Striped Bass: Restoring a Vanishing Breed

Once common to coastal rivers and estuaries of the northern Gulf of Mexico, striped bass declined and nearly vanished in the 1960s. The Gulf Coast Research Laboratory began turning that decline around in 1967 with a program focused on restoring striped bass (Morone saxatilis) in coastal waters along the Mississippi coast.

Restoration Project

Prior to Hurricane Katrina, each year for more than 30 years, GCRL project personnel

Results

Post-Katrina

On Aug. 29, 2005, Hurricane Katrina completely destroyed the striped bass program facilities. The soon-to-be-released six-inch juveniles were lost as well as the broodstock.

Laboratory and offices for striped bass program Sept. 2, 2005.
Laboratory and offices for striped bass program Sept. 2, 2005. (Photoby Walter A. Skupien)

Katrina destroyed striped bass structures and raceways.
Katrina destroyed striped bass structures and raceways. (Photo by Walter A. Skupien)

Through continued funding from the National Marine Fisheries Service and the Fish and Wildlife Service, research is focused on evaluating the standing population of striped bass in Mississippi coastal waters.With a commitment to reestablishing and enhancing the program, personnel have been relocated to the GCRL's Cedar Point expansion site. Equipment lost in the storm is being replaced, and new culture facilities are being planned. Through continued funding from the National Marine Fisheries Service and the Fish and Wildlife Service, research is focused on evaluating the standing population of striped bass in Mississippi coastal waters to determine:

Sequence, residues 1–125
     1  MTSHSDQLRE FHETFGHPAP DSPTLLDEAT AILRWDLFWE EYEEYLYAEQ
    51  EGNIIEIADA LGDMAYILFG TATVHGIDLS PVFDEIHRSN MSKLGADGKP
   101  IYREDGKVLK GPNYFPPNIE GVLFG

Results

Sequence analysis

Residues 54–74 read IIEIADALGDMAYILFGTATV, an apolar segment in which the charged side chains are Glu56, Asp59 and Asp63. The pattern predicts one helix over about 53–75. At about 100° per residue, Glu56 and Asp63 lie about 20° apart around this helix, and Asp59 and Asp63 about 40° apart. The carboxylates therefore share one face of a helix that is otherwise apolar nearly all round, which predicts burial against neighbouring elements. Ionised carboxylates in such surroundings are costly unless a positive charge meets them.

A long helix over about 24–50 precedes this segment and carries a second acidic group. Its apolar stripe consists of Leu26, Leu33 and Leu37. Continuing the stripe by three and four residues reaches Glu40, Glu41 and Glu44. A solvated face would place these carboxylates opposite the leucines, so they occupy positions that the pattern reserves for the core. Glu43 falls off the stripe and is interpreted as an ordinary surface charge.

New partnerships with local sport fishers and state agencies are being developed in preparation for reestablishing and accelerating the stocking program once culture facilities are restored.